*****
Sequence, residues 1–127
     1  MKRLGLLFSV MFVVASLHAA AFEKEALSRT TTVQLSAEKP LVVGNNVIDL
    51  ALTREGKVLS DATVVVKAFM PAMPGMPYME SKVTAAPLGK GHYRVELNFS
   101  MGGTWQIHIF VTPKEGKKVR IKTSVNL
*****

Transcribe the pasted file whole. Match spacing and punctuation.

Sequence, residues 1–127
     1  MKRLGLLFSV MFVVASLHAA AFEKEALSRT TTVQLSAEKP LVVGNNVIDL
    51  ALTREGKVLS DATVVVKAFM PAMPGMPYME SKVTAAPLGK GHYRVELNFS
   101  MGGTWQIHIF VTPKEGKKVR IKTSVNL